The emails were from Georgina Maxwell, an outdoors professional and coach. She certainly knows how to generate suspense, because we couldn’t find out what was so interesting for a whole afternoon! We didn’t know it then, but that’s when our involvement in the #malteseSUPproject began.
George explained why her and three of her close friends were going to be paddling around the three islands of Malta in November 2016. George’s enthusiasm was infectious, and we were sold on the concept almost immediately. There were two things that George said that made our decision to be involved really easy.
– The trip is all about how accessible SUP is. They want to show how easy SUP is, even for their friend Sonja and her battles with Malcolm. Read Sonja’s blog for more information
– She wanted to work with us because she really valued our concept of providing good honest fantastic quality kit, at an affordable price that made SUP much more accessible and inclusive.
We had been beavering away over the summer designing our lineup for 2017, and an expedition board was already set to be part of the lineup. However a prototype hadn’t yet been ordered, let alone manufactured. We worked with George to refine and improve the design of the explorer board, although we refused point blank to make it in shocking pink as requested! It was then a case of working with our supplier to get the board made as quickly as possible.
So, what was behind the design of the George’s board?
Deckpads are a compromise between non slip and comfort. Some of the most ‘grippy’ deckpads, are fine to stand on for a few hours, but not for days on end. Some deckpads actually make McConks feet go numb after a few hours paddling. We therefore worked hard to find the best compromise between grip and comfort.
The Mediterranean can be quite choppy and stormy in November. The board needed to be easy to paddle, stable, and carry lots of kit. Using 3D modelling we settled on a 12’8 x 31″ x 6″ as being ideal for these conditions.
The expedition will be a multi day expedition which could involve carrying the board, plus the attached kit, a decent distance from the shore. Comfortable handles were therefore a must. We’ve worked hard to make sure there are plenty of handles in just the right place for portage. The added benefit is that they can also be used for additional items, such as the obligatory trombone or trumpet, to be lashed to the handles when short of space. These handles also allow George to haul herself out of the water when her expedition partners decide it’s time for her to swim!
Paddling upwind, upcurrrent in the Med in November can be a real challenge. The board has paddle gloves which allow a kayak paddle to be securely held in place, and attachment points for a SUP seat to allow George to sit when two blades are the only thing that will make headway against a 20 knot headwind and 10 knot current!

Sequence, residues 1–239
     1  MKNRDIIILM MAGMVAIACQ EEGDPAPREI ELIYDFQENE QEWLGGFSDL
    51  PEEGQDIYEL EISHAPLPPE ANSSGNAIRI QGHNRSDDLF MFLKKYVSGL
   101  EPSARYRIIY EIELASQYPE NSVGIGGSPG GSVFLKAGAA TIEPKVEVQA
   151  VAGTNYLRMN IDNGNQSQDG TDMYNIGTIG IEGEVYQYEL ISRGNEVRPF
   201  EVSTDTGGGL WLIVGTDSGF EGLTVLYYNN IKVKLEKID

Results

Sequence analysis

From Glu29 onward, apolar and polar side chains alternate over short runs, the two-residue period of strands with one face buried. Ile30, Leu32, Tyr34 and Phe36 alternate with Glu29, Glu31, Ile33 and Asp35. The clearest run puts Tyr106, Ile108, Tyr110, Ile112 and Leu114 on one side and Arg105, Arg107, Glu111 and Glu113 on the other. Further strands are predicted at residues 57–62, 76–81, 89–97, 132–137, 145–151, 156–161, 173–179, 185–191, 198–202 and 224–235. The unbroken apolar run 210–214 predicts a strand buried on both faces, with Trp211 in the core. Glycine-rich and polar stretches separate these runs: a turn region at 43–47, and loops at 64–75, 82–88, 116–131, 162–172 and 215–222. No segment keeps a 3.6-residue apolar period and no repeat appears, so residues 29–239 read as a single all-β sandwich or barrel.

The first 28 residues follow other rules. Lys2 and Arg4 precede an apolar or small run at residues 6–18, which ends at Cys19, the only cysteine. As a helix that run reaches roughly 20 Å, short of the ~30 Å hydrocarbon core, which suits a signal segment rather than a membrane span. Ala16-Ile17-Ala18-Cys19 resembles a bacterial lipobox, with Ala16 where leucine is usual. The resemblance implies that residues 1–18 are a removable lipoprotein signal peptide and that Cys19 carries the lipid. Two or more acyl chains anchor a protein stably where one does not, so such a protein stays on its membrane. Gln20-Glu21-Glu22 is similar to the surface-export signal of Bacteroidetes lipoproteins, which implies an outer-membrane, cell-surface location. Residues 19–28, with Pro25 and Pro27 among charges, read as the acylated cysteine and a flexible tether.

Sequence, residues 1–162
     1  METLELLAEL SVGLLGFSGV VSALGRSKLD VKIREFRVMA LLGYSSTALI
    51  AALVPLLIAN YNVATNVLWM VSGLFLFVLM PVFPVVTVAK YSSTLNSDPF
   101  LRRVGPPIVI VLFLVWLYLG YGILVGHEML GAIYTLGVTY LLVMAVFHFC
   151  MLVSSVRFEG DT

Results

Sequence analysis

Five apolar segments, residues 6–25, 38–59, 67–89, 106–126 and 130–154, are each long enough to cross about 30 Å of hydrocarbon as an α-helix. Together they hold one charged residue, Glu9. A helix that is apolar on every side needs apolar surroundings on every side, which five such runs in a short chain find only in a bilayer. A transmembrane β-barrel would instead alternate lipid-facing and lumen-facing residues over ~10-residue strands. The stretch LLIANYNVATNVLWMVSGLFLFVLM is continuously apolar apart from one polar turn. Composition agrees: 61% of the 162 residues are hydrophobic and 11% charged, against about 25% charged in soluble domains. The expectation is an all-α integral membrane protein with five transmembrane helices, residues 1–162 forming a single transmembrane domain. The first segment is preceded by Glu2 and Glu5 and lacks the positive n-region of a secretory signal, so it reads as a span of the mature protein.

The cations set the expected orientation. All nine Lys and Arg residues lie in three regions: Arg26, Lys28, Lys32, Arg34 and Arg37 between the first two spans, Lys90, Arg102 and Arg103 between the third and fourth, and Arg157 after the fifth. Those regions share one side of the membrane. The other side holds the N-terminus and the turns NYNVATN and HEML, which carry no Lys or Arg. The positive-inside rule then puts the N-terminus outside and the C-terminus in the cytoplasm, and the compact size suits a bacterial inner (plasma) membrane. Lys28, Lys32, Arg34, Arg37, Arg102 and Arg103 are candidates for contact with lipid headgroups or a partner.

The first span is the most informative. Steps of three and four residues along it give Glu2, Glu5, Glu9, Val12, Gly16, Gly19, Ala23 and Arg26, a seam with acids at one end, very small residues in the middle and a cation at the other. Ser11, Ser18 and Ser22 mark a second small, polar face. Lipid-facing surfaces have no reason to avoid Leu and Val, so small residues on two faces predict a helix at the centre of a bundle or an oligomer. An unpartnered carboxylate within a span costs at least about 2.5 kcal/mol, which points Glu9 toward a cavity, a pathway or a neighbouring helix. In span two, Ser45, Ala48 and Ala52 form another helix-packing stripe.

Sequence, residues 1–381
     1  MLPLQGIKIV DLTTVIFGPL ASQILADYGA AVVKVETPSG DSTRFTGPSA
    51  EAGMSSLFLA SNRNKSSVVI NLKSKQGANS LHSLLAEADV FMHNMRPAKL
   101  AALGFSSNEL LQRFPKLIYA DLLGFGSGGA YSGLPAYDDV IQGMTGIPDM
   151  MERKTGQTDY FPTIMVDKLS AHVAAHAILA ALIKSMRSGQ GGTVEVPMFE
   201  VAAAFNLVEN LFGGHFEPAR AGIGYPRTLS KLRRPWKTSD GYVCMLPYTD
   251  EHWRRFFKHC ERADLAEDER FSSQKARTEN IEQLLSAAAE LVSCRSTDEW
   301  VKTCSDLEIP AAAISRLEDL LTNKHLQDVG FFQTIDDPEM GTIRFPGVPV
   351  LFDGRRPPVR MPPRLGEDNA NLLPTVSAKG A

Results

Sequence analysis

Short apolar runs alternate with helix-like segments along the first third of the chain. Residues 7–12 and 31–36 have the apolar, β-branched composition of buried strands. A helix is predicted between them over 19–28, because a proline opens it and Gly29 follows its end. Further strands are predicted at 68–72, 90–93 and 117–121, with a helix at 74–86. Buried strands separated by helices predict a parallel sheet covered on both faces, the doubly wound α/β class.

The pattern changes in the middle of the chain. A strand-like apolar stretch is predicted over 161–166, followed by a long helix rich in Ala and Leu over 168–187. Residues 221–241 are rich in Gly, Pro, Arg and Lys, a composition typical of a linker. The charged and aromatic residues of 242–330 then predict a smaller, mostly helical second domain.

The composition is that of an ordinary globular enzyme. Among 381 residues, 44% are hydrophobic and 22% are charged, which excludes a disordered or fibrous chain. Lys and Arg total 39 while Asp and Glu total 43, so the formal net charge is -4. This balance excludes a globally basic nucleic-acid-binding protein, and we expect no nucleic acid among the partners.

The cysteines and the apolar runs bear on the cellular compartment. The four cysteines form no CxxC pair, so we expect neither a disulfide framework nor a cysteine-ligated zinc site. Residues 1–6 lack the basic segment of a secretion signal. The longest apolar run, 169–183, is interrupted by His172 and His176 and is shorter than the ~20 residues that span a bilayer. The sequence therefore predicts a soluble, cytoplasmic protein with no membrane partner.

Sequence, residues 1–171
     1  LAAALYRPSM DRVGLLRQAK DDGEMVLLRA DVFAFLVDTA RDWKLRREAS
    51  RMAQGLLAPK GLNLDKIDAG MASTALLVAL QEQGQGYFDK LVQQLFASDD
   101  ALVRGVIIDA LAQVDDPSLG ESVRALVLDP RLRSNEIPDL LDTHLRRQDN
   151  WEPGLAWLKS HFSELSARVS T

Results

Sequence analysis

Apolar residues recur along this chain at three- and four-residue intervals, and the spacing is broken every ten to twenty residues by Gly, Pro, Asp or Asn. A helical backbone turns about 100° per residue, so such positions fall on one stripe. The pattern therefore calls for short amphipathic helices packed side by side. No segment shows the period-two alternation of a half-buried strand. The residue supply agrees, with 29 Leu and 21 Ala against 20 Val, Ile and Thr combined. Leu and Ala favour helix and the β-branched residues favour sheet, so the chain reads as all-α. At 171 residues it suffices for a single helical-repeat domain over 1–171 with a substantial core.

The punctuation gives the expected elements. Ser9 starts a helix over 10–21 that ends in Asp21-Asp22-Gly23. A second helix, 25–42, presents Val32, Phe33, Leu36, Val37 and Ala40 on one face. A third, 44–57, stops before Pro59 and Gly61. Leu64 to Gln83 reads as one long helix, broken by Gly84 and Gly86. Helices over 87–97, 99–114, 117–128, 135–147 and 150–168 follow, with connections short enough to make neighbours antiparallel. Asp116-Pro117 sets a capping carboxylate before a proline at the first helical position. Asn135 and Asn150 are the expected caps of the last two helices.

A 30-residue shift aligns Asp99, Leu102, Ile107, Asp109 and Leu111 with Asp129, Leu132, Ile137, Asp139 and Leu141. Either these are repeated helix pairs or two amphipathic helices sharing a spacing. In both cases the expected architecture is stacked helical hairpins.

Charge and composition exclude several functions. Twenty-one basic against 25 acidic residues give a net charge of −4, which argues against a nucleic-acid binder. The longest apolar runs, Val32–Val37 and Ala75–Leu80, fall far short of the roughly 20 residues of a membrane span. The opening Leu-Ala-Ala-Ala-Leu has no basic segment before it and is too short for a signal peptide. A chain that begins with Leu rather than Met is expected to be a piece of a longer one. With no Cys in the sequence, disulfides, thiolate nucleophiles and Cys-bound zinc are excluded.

A standard US fin box with a 6″ fin designed to keep the board on the straight and narrow is supplied. Two additional Futures Fins boxes allow additional side bites to be plugged in in strong cross currents or cross winds. And allow for the board to be used to ride downwind runs, and to bite into what surf swell there may be.
Secure storage was essential. A multi day, long distance trip means that George needs to carry all her kit with her, on the board. We therefore designed two separate storage areas, both fore and aft. We also put non slip strips on the deck under the storage to stop kit shifting about on the water and impacting on board trim.
Transportability was hugely important on an international trip, so a good quality bag was essential. Our new bag is sturdy but lightweight. With supersize wheels, the bag is easy to pull through most environments, whether it be a grassy field or airport concourses. For more difficult or uneven terrain, the stowable shoulder and waist straps are really comfortable for long hikes. The internal straps keep the board secure, and the external pockets allow all the accessories to be kept securely in one place. Chunky plastic zips will not be affected by corrosion, and fastenings inside the bag allow safe storage of George’s 3 piece carbon fibre and bamboo paddle.
The weight of the board was an important factor, and we are super pleased to introduce EDS technology to our boards for the first time. EDS technology stands for Enhanced Drop Stitch, and means a stiffer and lighter board than most other double layer boards. EDS means that the drop stitch is surrounded by an airtight and super-light polymer layer just before the outer PVC is fused to it under high pressure. This all happens at the raw material stage, and gives a much higher quality cosmetic finish with no air bubbles or creases. It also makes the boards a lot lighter than traditional two layer boards and much stiffer than normal two layer technology boards at the same pressure. Other brands call this technology MSL.
This board will be available in early 2017 in a package with our light and powerful carbon fibre paddle for less than £700. Package price is still to be finalized. Preorders will be delivered in time for Christmas, so if you’re seriously interested, contact email@example.com to let us know.
To find out more about the #MalteseSUPproject, follow George’s blog here.